Many songs cause me to pause and remember. A night, a friend, a love. Some bring a tear, but “The Randall Knife” breaks me down every damn time.
Songs remember fathers in two ways, the son of a bitch or the saint. The first is written by someone crippled by the disapproval of a father who cannot love himself, much less a child. A father loved, or feared, from afar.
The second, more rare and certainly more beautiful, is a kind and loving man, a true father. One who quietly sets the stage for a son’s life, then lets him live it. He’s always there, alive or dead, to cushion the falls and to remind you of what’s right and what’s wrong.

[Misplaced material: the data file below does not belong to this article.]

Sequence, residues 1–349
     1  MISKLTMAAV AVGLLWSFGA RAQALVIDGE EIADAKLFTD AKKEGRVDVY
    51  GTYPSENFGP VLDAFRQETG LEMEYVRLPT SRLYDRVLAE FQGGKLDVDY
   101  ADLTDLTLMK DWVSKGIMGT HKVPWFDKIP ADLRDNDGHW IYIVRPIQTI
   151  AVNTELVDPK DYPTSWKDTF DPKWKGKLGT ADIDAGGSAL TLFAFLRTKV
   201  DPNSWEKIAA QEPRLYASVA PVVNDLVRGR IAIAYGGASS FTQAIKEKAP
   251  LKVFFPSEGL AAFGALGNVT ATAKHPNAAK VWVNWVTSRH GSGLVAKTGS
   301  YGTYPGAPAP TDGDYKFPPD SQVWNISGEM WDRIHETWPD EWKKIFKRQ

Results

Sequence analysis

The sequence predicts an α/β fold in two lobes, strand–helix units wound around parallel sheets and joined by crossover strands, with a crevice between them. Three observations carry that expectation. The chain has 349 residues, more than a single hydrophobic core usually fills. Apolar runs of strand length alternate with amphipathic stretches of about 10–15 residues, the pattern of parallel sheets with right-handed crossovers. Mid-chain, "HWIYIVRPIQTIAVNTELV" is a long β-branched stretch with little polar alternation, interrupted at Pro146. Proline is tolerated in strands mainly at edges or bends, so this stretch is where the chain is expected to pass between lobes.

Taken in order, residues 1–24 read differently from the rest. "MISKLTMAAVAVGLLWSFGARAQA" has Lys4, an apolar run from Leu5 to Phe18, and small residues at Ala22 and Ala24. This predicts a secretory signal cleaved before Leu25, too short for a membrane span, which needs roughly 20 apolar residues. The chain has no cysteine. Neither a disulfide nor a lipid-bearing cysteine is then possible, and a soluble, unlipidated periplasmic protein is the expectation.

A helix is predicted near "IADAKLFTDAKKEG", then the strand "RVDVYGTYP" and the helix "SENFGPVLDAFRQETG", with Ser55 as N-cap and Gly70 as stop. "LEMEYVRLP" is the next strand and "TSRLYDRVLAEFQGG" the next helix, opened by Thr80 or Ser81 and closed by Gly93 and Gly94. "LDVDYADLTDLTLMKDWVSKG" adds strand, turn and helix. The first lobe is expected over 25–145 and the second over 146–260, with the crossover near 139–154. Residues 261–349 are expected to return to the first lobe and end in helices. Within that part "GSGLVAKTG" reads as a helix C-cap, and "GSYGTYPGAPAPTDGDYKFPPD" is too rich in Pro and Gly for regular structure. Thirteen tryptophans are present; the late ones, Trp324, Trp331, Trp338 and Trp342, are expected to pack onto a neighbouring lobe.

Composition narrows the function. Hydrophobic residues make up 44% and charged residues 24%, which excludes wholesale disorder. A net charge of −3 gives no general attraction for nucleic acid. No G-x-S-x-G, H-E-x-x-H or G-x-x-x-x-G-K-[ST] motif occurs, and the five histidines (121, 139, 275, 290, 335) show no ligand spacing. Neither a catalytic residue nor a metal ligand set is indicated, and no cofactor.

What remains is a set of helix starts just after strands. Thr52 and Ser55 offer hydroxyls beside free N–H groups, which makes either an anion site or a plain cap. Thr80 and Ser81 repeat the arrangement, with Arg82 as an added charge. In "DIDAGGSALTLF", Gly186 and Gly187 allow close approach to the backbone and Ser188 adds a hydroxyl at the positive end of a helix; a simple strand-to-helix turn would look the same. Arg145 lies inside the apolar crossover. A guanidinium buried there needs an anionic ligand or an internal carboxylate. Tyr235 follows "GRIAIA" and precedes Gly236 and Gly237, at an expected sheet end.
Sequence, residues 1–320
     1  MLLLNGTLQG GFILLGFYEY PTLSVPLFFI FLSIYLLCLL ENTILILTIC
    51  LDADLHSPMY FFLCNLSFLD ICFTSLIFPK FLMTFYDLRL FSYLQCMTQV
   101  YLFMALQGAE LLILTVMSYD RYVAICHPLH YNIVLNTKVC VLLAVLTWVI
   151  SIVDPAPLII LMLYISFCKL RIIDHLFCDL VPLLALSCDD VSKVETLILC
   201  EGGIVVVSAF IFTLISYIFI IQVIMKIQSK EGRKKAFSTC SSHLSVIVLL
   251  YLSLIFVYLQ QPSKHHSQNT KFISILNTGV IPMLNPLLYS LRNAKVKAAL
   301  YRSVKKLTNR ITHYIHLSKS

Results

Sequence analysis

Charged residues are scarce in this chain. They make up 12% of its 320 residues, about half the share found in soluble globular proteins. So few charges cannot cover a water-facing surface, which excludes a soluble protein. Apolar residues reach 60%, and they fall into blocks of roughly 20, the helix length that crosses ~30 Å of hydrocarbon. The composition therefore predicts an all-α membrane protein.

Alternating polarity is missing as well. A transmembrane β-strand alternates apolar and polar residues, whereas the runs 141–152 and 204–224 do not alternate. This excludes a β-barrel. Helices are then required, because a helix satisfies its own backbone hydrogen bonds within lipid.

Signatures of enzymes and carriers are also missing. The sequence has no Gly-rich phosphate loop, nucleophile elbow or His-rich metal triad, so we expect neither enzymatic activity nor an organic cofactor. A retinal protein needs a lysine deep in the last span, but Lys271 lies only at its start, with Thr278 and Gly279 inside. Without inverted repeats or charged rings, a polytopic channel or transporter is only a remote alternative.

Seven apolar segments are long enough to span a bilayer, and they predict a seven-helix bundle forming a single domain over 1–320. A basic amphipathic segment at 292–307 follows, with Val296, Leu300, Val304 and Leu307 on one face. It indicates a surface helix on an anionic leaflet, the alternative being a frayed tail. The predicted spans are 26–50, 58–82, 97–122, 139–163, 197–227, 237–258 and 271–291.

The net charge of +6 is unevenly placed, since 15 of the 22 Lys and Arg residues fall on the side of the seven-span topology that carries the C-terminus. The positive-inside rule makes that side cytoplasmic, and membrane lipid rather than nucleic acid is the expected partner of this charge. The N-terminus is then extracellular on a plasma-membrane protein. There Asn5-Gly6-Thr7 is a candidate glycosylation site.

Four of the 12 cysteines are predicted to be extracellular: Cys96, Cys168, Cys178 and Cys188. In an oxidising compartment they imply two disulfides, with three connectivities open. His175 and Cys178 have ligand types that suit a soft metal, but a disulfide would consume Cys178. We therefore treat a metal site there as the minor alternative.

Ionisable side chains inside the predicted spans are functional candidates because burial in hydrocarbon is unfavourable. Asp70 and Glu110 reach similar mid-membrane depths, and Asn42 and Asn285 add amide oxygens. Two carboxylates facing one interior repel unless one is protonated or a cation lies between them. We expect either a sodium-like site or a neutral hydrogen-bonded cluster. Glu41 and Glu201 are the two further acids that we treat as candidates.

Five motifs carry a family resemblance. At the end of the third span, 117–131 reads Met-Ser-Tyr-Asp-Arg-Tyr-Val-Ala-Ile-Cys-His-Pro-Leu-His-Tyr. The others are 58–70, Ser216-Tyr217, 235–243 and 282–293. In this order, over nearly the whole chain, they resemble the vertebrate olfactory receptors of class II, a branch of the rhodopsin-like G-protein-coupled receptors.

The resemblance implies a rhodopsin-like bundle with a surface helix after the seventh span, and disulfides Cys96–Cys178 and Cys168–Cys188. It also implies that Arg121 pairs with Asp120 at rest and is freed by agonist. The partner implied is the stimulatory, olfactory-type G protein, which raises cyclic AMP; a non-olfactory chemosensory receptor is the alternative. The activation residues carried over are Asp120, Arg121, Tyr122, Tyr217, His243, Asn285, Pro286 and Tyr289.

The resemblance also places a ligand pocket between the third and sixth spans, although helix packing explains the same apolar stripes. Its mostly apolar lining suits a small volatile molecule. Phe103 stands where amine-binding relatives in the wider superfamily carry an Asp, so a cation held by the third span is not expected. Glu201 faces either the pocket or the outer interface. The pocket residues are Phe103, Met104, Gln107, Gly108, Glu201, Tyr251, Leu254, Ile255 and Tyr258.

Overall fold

This is the father portrayed by Guy Clark in “The Randall Knife”. A good man with a lucky son who lives a bit in his wake. A son who struggles to measure up be his father and learns, in grieving, that the struggle was never the point.
Clark speaks the lyrics, reverent and thankful and proud, as though singing the words would add more weight than some of us could bear. Guy circles his father’s memory, too hot to touch, until a tool of bone and steel releases all and brings it home. “I found a tear for my father’s life, and all it stood for.”
My own father was somewhere between son of a bitch and saint. He hit the road way too soon, taking some of me with him. I found him again once I was a man, when he was failing and falling back, and he passed before we could say what needed to be said. He lives on in me, the good parts and the bad.
I had no choice in the matter, but if I did, I would still call him father.
If you have father issues, and who doesn’t, this song may heal you a little bit.